10) Honda RC30
The Honda RC30 hit American soil in 1990 after much anticipation (it debuted in 1987 overseas). It was a race homologation special, and only 750 were made for the international market making it extremely rare to ever spot one in the general public.
OK, so the meager 110 HP produced from its V-4 motor wasn't yanking any arms from their sockets, but it's was how it made that power that made it so special. An early form of the "big bang" style crank was incorporated, making power smooth and controllable throughout the rev range. The RC30 also utilized a slipper clutch-another groundbreaking feature for the time.
At just over 400 pounds the RC30 was considered one of the best handling bikes of the era. It came race-ready with quick release wheels and fully adjustable suspension, and it was all bundled inside gorgeous bodywork. It didn't come cheap though, and you paid for the exclusivity to the tune of $15,000 (that was a lot of green in 1990). If you're lucky enough to find one today still in one piece plan to shell out about $20K.
9) Honda NR
The Honda NR is proof that the most exotic bikes aren't always the most powerful or fastest. Honda built the 750cc NR about the same time as it produced the first CBR900RR (1992). And while the $100,000 NR had stacks more technology and exotic materials than the CBR, it was a damn sight heavier and made equivalent power.
To find the point of the NR, you have to look back in history. Yamaha and Suzuki won eight championships between 1975 and 1983 with two-strokers, but there was a problem for Honda. Its boss, Soichiro Honda, hated two-strokes. He was a four-stroke man, and searched high and low for a way to beat the smoky stinkwheels with a "proper" engine.
Honda tried to compete by making the most extreme four-stroke engine ever made. Ideally, the firm would have made a V-8 500. But racing rules said no V-8; four cylinders were the limit. So Honda did the next best thing and made its V-8 into a V-4 by simply joining the neighbouring pistons together into an oval shape. These running-track-shaped 'cylinders' held spam-tin pistons, which then ran on twin con-rods. There was enough room in the combustion chambers for eight valves (four inlet, four exhaust) and two spark plugs.
The resulting bike, the NR500 (NR stood for New Racing) was a disaster, barely completing any races at all. Honda quietly shelved the racebike, gave in, and made a three-cylinder two-stroke that gave Freddie Spencer the GP crown in 1983.
In 1992, the NR roadbike was released. 300 were made and it was an engineering tour de force. The most interesting part was the engine: a 750cc oval-piston V-4 with 32 valves, quad-cams, eight con-rods and eight tiny spark plugs. Honda also fitted fuel injection-a real novelty in 1992-and made an incredible eight-into-four-into-two-into-one-into-two titanium exhaust system. The rest of the bike was similarly extreme: carbon fiber bodywork, magnesium wheels, USD forks (rare in 1992), titanium-coated windscreen and even a carbon fiber and silver-nickel ignition key.
The big H had shown everyone who was the tech boss, but that was the NR750's only claim to fame.
8) Yamaha R7
The R7 appeared in 2000, a year after the R6 and two years after the R1. But it was a very different beast from them: while the 600 and 1000 were sportbikes for the people, the 750cc R7 was not. It was a $32,000 homologation special: a limited edition bike built to compete in superbike racing worldwide. So it was a fuel-injected 749cc inline-four, in a conventional aluminum frame, laden with top-spec Öhlins race suspension and running gear. It looked utterly amazing: genuine two-wheeled sex. But sadly, it went nothing like it looked. Bureaucracy and muddled thinking meant the stock bike only made just over 100 HP and you needed to fit thousands of dollars worth of race kit parts to start making decent power.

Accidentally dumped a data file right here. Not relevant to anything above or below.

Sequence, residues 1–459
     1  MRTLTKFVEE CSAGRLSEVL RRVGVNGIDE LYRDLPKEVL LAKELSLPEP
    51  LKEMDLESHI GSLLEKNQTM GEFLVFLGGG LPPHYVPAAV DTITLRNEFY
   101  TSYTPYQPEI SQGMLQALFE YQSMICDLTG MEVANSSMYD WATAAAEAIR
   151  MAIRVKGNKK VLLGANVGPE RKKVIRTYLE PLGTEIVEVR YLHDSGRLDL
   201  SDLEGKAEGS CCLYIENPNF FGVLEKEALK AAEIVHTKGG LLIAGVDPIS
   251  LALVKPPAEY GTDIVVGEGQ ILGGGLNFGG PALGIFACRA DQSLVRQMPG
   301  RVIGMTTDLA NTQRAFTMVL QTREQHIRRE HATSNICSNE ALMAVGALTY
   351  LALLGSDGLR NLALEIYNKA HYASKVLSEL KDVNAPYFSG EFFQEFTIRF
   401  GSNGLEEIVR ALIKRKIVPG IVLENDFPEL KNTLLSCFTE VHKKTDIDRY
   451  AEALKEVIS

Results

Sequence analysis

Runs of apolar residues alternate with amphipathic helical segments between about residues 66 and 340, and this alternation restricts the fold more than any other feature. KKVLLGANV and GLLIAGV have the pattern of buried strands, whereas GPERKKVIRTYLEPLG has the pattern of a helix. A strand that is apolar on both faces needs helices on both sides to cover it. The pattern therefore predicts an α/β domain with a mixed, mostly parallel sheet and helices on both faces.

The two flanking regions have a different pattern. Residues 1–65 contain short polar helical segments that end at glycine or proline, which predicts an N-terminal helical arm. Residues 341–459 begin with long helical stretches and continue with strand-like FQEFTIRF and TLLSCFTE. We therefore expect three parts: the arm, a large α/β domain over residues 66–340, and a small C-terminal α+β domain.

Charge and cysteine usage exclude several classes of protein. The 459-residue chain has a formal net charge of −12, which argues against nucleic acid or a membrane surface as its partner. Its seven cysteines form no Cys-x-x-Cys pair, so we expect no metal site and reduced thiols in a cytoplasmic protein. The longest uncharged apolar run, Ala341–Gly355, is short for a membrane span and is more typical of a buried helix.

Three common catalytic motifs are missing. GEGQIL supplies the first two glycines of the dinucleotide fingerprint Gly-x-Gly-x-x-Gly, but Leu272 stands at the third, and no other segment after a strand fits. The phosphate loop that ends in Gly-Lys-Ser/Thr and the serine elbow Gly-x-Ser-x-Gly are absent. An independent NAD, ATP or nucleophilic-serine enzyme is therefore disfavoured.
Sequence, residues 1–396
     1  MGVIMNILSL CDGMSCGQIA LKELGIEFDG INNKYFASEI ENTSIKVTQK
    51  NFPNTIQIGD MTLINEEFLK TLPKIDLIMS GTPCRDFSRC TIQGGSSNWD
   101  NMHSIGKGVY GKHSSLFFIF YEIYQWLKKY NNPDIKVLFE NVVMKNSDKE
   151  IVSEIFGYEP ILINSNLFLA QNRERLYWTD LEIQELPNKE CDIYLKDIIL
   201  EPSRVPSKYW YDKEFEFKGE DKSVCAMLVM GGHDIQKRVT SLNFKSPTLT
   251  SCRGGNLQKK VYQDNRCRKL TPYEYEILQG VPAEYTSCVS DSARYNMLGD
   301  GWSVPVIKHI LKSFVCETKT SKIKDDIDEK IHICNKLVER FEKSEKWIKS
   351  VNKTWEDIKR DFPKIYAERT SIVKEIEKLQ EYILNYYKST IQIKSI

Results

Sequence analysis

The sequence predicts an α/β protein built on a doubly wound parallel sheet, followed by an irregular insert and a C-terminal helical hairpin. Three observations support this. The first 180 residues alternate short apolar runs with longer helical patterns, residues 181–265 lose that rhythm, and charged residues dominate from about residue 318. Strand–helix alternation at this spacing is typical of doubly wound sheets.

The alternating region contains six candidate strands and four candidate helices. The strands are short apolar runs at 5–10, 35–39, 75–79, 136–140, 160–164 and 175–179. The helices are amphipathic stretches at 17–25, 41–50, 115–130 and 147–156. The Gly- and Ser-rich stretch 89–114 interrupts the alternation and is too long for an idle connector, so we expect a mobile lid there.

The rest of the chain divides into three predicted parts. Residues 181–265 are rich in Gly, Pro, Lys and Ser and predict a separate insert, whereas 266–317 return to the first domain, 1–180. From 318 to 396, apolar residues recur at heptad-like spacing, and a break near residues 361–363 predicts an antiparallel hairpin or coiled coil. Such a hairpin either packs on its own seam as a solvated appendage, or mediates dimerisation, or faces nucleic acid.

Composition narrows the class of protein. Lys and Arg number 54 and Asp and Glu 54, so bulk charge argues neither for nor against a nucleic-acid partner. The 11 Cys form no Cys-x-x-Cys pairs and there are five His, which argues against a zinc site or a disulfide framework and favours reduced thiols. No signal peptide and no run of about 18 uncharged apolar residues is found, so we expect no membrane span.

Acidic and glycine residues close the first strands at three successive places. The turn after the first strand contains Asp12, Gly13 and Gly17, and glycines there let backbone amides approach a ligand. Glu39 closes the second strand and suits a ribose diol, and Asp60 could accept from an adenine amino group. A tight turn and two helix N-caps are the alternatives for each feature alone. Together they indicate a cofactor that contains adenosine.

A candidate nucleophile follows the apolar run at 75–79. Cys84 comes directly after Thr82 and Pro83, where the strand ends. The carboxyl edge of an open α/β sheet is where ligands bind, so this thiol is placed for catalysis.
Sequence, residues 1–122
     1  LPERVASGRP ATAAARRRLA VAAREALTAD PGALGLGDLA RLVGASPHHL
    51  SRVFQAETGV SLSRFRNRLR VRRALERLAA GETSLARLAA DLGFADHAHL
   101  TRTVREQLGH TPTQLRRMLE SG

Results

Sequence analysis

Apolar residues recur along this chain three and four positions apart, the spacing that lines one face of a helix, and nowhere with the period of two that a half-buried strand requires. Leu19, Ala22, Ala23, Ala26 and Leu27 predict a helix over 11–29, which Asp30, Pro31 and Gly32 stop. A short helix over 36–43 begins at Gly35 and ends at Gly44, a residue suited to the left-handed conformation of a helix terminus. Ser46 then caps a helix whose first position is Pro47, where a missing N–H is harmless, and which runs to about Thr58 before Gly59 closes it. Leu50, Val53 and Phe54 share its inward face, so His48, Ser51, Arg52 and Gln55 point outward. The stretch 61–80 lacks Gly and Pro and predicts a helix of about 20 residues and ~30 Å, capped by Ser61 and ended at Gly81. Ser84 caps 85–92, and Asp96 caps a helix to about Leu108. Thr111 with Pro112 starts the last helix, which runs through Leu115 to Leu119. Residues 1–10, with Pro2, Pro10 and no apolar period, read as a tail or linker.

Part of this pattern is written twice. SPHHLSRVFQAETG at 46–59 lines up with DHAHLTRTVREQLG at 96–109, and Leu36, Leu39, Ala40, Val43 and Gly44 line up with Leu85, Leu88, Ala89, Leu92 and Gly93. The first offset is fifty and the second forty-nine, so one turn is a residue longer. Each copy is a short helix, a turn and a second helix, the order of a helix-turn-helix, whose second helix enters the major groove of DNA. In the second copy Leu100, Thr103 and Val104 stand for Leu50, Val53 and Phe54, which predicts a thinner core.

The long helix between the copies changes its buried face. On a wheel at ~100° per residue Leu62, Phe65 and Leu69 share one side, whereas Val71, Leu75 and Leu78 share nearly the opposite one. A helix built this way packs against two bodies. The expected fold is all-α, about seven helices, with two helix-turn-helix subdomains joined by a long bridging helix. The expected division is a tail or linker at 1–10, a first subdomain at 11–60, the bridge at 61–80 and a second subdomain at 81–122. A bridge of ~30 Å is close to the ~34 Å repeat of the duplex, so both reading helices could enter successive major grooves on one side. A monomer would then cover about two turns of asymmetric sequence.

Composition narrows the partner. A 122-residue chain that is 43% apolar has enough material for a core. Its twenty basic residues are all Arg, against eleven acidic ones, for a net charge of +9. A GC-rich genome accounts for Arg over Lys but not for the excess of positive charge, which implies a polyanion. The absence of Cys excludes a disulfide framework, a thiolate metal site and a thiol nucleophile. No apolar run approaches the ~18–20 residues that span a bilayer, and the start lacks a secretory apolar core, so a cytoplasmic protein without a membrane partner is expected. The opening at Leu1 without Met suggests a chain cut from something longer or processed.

Small-scale teams couldn't afford to tune it properly, and when you unlocked big power out of it, the crankshafts failed.
It's ironic that the sexiest, most exotic "R-series" bike ever actually turned out to be a bit of a lemon in the end.
7) Morbidelli V8
Never heard of Morbidelli? Don't feel bad - it's an obscure Italian outfit set up in 1968 by woodworking magnate and racer, Giancarlo Morbidelli.
In 1994 Morbidelli wowed the press with a prototype V-8 roadbike. It was an 850cc, 90-degree transverse unit with shaft drive, fuel injection, 32 valves and a large fairing. The spec was amazing, the design terrifyingly ugly, and the few people who did ride one found an uninspiring, rather sedate sport tourer. It made just 120 HP-not a great output even back then. The biggest flaw was the price though: an unholy $60,000. You can see two in the US-one at the Barber Motorsports museum, and one has also been on show at the Guggenheim museum in New York and Las Vegas.
6) Ducati Supermono
Unlike most of the bikes here, Ducati's Supermono was built as a racebike in 1993, and was never designed to run on the road at all. The engine was simple: Ducati simply removed the vertical cylinder from one of its 916 engines, leaving the front cylinder to make the power. But how to balance this single cylinder? The genius stroke of designer Massimo Bordi was to leave the second con-rod in place and attach it to a pivoting, weighted bar. So as the engine spun, the "phantom" con-rod still moved up and down, balancing out the forces of the other piston, and giving perfect balance. The top end of the engine was a desmodromic four-valve design, and the later 572cc versions made nearly 65 HP: great power for a sub-600cc single.
5) Bimota V Due
Bimota's tried and tested strategy was to put high-powered, super-reliable Japanese sportbike engines into handmade, super-spec chassis, then sell them for triple the price of the Japanese machinery. This worked well in the early years because the Japanese made great engines, but hadn't cracked handling yet. When the Japanese firms nailed handling in the early 1990s, Bimota's days seemed numbered.
So the firm went for broke in 1997. It decided to make the ultimate exotic sportbike with its own engine, and planned a radical 500cc, fuel-injected, V-twin two-stroke. The engine was a brave but foolish move. The millions of dollars needed to develop such a beast just weren't there, and the firm simply couldn't get the engine right. Fundamental design flaws, together with manufacturing defects meant the bikes had horrid, narrow power bands with zero mid-range and unpredictable power delivery.
The rest of the bike was gorgeous: the chassis was swathed in carbon fiber, featured Brembo brakes, an Öhlins shock and Paioli forks. But the handling was ruined by the poor power delivery-it was virtually impossible to ride the V Due.
Later attempts to make them run with carburetors rather than fuel injection helped somewhat, but the V Due never worked properly, no matter how nice it looked...
4) Suzuki RG500
Released in 1985, the RG500 was a genuine GP replica, with the same architecture as the firm's 500 GP racers. That meant a square-four two-stroke engine with disc valve induction, underseat expansion chambers, aluminum frame and ten-piston braking system. With its full fairing, 95 HP output and 350-pound dry weight, it was a real headbanger's bike, and made competing sportbikes look pretty tame in comparison.